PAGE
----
Why I’m So Uptight about Scheduling

It’s no secret: I’m uptight about the powder coating production schedule.

Customers are often baffled by this. In their minds, batching one lawn chair in with a larger run of parts should be no big deal – and to a certain extent, that’s true. But there are complicating factors they haven’t considered.

Parts are batched by color AND substrate.

If we’re spraying black powder coating on Tuesday, I can’t just throw an aluminum part onto a cart full of steel and spray them all at once. Aluminum and steel are pretreated differently, meaning they must be pretreated at different times, on separate carts. This brings me to my next point.

We have a finite number of carts.

Cart logistics play a huge role in the production schedule. At any given time, my goal is to have one cart being loaded up, another cart being washed, another cart being sprayed, a couple of carts in the oven, and the last cart being packaged. And repeat. I can’t afford to tie up a cart with a single item, or production will stall.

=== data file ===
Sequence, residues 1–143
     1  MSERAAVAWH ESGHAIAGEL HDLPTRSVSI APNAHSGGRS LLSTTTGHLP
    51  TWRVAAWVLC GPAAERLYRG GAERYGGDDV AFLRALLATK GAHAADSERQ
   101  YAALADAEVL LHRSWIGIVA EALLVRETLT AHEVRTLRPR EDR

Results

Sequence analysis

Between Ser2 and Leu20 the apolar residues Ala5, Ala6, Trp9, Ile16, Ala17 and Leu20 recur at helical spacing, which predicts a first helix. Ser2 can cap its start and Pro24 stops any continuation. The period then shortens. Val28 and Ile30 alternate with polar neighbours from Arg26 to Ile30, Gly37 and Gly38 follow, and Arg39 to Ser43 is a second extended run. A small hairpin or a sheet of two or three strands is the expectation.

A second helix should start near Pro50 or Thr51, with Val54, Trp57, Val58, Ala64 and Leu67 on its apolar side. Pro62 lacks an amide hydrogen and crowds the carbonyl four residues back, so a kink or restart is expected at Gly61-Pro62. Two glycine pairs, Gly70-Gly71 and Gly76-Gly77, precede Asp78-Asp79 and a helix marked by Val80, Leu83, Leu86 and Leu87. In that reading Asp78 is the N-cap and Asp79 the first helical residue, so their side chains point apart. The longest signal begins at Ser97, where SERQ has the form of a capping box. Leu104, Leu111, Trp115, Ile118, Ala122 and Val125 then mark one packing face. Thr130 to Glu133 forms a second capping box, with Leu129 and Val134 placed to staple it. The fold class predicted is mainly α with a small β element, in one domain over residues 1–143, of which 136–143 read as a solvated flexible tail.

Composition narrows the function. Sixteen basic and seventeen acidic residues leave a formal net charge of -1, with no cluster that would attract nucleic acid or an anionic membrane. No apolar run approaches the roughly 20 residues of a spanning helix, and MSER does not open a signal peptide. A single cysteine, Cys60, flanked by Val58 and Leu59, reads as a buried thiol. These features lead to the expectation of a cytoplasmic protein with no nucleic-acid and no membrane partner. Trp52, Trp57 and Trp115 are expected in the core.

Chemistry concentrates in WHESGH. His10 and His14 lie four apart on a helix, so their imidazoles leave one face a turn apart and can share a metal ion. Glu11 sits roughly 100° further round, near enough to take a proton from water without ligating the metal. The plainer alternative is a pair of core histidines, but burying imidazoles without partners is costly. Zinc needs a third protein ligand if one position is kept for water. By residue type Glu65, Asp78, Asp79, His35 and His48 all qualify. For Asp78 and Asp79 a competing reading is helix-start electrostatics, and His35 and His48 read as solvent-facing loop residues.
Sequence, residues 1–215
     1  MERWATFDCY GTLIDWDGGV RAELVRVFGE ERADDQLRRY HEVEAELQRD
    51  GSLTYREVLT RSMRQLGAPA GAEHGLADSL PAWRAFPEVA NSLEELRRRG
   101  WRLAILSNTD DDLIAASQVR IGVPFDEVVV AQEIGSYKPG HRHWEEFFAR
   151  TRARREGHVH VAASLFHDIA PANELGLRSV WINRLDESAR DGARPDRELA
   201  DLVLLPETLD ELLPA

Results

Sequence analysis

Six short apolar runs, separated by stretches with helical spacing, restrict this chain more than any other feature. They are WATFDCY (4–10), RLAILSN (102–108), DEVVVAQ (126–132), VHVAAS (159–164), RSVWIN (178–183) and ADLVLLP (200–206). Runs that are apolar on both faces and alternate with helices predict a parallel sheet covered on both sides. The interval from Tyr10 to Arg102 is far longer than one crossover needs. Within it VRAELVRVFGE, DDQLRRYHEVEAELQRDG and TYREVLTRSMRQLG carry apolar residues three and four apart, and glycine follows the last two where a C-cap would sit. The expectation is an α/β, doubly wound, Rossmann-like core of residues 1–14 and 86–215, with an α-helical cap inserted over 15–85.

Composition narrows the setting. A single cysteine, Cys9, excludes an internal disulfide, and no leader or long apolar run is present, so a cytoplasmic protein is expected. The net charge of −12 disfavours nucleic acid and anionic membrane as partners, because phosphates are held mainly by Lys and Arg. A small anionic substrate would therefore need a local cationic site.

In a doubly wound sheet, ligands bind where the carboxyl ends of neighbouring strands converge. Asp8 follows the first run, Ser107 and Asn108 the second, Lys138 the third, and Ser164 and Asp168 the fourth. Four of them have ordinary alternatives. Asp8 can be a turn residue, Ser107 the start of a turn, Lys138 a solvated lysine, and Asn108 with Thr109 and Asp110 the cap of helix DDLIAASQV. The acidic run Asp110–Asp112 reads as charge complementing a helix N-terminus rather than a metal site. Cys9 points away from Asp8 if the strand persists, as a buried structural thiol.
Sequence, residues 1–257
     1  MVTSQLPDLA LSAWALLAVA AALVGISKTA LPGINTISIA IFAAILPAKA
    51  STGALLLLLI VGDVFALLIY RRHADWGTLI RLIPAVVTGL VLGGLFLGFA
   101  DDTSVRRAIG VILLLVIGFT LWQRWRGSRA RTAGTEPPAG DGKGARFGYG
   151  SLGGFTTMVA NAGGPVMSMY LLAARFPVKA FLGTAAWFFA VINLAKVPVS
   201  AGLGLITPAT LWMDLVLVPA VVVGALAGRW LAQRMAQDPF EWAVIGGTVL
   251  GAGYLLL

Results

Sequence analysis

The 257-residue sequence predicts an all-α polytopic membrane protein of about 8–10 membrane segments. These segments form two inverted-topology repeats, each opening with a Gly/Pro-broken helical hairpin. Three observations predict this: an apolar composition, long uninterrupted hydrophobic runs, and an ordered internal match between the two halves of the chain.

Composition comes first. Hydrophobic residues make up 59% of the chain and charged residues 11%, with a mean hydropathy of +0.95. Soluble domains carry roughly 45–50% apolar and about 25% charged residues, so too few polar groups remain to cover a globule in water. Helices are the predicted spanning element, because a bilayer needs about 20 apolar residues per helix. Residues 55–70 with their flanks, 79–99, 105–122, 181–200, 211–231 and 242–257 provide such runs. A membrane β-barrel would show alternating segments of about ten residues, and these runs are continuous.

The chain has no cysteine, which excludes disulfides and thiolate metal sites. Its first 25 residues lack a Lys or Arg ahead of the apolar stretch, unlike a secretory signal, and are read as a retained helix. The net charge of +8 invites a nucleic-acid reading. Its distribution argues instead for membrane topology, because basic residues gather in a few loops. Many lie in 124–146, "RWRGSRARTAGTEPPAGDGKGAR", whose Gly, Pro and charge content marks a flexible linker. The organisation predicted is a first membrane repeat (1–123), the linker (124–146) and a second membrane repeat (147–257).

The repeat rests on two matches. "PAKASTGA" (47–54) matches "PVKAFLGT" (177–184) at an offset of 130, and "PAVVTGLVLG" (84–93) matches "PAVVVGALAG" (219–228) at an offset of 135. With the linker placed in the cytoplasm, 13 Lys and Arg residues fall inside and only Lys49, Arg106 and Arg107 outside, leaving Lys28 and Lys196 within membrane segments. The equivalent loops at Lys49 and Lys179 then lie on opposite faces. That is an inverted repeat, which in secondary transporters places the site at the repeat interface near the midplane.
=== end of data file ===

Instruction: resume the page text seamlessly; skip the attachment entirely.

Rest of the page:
A lot has to happen before the part gets coated. 

Let’s say I plan to spray red powder coating on Friday at 2 PM. In order for parts to make it into that run, they need to be present, checked in, scheduled, blasted, hung, prepped, pretreated, and dried off. This can take days. Don’t expect to drop your part off at 8 AM for a 2 PM run the same day. It doesn’t work like that.

The volume is high, and the deadlines are non-negotiable.

On a normal day, there’s roughly a month’s worth of work sitting at Kaser, and an additional four to six weeks’ worth of work that I have been told is incoming. Each part has a deadline, most of them strict. I draft the production schedule weeks in advance, trying to anticipate down to the minute what we’ll be doing a month from Monday. As parts arrive (or fail to arrive), I make adjustments.

Side note – parts that don’t arrive on time are the bane of my existence. Even an hour’s delay can be catastrophic. If you’ve scheduled a delivery, please stick to the agreed-upon time. The whole day’s production depends on your parts being here when I expect them to be. 

Scheduling feels a little like juggling twenty balls while walking on a tightrope in the dark. If I’m not cautious and precise, everything comes tumbling down.



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